Jama Rattigan is hosting Poetry Friday today, and if anyone knows how to create a crowd using food, it’s Jama! She has croissants and chocolate and candied rose petals and raspberry-litchi pate and…well, you’ll just have to stop by and try some.
Anyway, a couple of weeks ago I announced that a new anthology titled, Trigger Warning: Poetry Saved My Life, had just been made available for sale. I was looking forward to seeing it because I was one of the folks whose poetry had been selected for inclusion…and today, I’ll be sharing that poem here!
More on that in just a little bit…
First, I need to let you know the 9th Annual CYBILS Awards nominations are now OPEN!
The CYBILS, as they are called, are the Children’s and Young Adult Bloggers’ Literary Awards, and are announced in February of each year. Two rounds of judges will narrow down all the nominated books for a variety of categories, and will decide which they feel are the best of the best.
But before they can whittle down the list…they need a list! That’s where you come in. Just click visit the CYBILS nominations page and let the judges know which of this year’s books for children and young adults you feel deserve some special recognition. As you’ll see, there are lots of categories, from early readers to young adult speculative fiction to my favourite, poetry!
(We already have some FANTASTIC poetry collections, too – which is going to make this even harder then normal!)
So make sure you log on and get your favourite book nominated – and I’ll keep you posted here about what’s happening!
Speaking of poetry collections, I just received my copy of Irene Latham’s Dear Wandering Wildebeest: And Other Poems from the Watering Hole yesterday, and it’s as wonderful as I had suspected. Many thanks to Irene as well as to last year’s CYBILS Poetry Award winner, Amy Ludwig VanDerwater for sending it to me – I was lucky enough to be the winner of a giveaway Amy hosted, and I read the book as soon as I opened up the box!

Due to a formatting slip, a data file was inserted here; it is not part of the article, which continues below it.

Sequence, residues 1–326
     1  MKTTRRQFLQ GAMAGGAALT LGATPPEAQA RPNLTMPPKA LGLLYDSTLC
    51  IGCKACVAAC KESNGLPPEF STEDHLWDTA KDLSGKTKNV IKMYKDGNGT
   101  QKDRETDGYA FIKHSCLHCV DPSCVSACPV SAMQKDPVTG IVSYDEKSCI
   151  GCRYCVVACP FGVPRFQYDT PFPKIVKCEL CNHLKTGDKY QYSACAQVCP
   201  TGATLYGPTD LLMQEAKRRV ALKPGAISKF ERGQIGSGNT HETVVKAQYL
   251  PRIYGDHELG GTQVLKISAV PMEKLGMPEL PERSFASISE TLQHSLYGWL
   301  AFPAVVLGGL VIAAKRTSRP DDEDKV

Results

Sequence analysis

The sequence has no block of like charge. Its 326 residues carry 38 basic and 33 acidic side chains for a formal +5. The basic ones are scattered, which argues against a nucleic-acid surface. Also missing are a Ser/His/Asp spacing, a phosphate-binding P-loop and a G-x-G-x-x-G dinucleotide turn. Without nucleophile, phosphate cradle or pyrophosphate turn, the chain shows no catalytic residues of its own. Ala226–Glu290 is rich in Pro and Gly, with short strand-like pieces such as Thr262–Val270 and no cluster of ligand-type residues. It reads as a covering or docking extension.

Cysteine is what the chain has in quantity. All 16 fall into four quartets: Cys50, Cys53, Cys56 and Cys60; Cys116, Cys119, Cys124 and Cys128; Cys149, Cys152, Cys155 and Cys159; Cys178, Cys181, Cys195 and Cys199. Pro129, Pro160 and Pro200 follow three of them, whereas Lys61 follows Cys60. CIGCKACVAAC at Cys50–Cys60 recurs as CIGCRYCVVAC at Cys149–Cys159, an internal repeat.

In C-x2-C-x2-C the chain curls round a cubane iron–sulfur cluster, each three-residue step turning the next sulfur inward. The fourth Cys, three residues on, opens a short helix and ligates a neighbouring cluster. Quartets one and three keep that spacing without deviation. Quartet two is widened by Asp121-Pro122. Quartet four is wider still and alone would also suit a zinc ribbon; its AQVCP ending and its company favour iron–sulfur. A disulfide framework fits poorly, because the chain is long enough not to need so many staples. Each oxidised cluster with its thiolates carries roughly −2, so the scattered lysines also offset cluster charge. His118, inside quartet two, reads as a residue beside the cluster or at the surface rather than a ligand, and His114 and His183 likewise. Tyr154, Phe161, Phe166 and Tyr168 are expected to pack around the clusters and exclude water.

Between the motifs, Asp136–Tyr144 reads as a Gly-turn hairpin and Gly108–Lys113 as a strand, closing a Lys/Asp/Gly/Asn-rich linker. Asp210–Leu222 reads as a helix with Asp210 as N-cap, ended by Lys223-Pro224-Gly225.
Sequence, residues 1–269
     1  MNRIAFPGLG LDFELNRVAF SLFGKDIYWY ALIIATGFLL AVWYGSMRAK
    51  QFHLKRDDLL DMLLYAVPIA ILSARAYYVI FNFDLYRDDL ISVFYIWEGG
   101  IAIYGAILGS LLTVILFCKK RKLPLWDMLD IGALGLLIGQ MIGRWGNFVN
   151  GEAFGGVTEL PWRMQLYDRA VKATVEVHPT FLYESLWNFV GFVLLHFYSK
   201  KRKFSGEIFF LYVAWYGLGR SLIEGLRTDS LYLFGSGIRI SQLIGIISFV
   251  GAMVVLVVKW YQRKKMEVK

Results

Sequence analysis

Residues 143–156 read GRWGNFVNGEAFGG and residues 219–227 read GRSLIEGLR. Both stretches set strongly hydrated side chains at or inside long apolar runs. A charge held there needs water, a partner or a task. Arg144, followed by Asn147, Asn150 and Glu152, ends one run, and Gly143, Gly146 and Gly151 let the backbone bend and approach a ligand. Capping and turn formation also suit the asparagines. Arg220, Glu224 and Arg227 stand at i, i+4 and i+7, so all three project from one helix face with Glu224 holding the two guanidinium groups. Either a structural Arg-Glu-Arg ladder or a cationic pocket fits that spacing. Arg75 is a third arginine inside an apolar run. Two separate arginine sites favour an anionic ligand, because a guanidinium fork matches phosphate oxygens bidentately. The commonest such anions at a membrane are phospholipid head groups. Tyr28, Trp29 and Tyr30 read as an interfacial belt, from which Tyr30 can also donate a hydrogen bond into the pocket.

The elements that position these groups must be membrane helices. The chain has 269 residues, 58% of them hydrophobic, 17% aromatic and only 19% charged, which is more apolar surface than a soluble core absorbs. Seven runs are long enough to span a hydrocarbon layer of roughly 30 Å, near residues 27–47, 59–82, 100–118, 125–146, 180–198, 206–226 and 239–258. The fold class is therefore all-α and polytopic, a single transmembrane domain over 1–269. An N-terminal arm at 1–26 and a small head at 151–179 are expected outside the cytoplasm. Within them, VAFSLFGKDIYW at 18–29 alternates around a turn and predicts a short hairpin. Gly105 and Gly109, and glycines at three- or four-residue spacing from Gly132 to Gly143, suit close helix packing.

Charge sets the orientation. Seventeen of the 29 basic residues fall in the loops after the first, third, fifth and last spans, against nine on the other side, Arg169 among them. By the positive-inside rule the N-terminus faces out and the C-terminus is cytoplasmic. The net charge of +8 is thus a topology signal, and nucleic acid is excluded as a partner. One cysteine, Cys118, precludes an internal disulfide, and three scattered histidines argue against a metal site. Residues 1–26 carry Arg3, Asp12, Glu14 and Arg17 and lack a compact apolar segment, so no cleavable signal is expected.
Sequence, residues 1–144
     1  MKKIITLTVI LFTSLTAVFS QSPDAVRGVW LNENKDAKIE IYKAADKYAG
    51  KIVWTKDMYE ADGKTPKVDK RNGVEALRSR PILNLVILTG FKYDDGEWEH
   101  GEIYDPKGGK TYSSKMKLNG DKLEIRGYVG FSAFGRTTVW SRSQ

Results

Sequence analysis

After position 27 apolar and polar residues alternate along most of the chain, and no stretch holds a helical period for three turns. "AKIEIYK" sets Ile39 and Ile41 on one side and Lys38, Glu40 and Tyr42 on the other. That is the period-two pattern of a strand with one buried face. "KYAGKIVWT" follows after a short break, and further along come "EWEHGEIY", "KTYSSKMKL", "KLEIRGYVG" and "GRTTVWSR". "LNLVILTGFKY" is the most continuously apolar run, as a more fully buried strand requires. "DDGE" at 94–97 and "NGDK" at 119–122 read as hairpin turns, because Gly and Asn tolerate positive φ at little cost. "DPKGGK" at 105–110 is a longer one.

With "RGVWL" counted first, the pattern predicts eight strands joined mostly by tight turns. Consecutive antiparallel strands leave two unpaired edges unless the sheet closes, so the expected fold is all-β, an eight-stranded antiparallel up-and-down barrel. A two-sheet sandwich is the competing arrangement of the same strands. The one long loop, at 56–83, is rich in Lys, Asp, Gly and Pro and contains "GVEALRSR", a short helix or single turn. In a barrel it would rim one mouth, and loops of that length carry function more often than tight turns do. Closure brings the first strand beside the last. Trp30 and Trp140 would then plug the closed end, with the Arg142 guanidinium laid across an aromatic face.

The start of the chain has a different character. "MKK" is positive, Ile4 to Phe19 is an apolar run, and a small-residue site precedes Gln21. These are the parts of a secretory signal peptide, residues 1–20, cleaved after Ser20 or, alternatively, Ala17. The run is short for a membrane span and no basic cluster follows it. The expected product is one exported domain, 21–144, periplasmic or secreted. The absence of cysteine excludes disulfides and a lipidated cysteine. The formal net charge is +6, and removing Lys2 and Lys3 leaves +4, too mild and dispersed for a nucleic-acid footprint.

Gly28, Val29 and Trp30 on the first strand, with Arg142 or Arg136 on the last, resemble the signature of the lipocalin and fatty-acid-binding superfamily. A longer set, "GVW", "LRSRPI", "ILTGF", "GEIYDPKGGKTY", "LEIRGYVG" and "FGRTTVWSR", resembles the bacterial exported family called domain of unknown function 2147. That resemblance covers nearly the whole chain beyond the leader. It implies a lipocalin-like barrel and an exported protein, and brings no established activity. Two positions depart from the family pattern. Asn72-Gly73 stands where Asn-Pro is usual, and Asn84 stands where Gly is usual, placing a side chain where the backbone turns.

The book contains 15 poems of varying styles – some rhyming, some free verse, some light-hearted, some more serious – all about the various creatures that come to visit a watering hole on the African grasslands. Irene spotlights meerkats, rhinos, lionesses, and black mambas, to name a few, but I think my two favourites are the ones Irene opens and closes with, “To All the Beasts Who Enter Here” and “Says Nightjar to the Stars,” respectively.
Anna Wadham’s illustrations perfectly complement the playful, spontaneous, and stoic nature of the beasts, too – and of Irene’s text. If you haven’t considered picking this up yet, I recommend you do!
Now, then…to my poem! I have to thank award-winning slam poet Zachary Kluckman, the anthologist of Trigger Warning: Poetry Saved My Life, for selecting this poem for inclusion. When I first read what type of book he was putting together and the subject matter – literally, how poetry can save someone’s life – I knew exactly what I was going to write about.
About 25 years ago, a very close friend of mine went through an extremely difficult time in his life…and it nearly destroyed him. Fortunately, he found support from his friends and therapy from writing poetry. I hope you like it. I’ve posted audio of my reading of the poem below (sorry about the big head – I can’t do anything about it!) and of course, if you’d like to read more about how poetry can save lives, be sure to pick up a copy of the book, on sale now!
Coming to Terms
He had to keep quiet.
No one could know of his love, no –
infatuation – for the tall, dark beauty
with whom he shared daily smiles. His thoughts
were his, yet quickly
he became their slave; not uncommon,
of course, as we all succumb
to that numbness, once, at least,
but for his own sake
he had to keep quiet.
None could know, not even
Dark Beauty, who
had no inkling of an unthinkable
courtship, but simply smiled back
as acquaintances do
until one day, in a burst of emotion and discovery,
every passionate detail of his desire
came pouring forth from every pore
in an unintended self-immolation of love and pain.
and cloud of rejection suffocated
and he wished it would
deaden the nerves that allowed him to feel
every word hurled
from Dark Beauty, friends,
parents, the world.
Endless days spent scared and crying
bled into pill-filled nights
that led not to quiet slumber but to weeks
in the ward, safe and distressed. Alone
in his room, with pen
firm between heart and forefinger, line
by line he began to sort through love,
and the realization
he had been lying to himself, thinking
he had to keep quiet.
© Matt Forrest Esenwine, from Trigger Warning: Poetry Saved My Life (Swimming with Elephants Publications, 2014)
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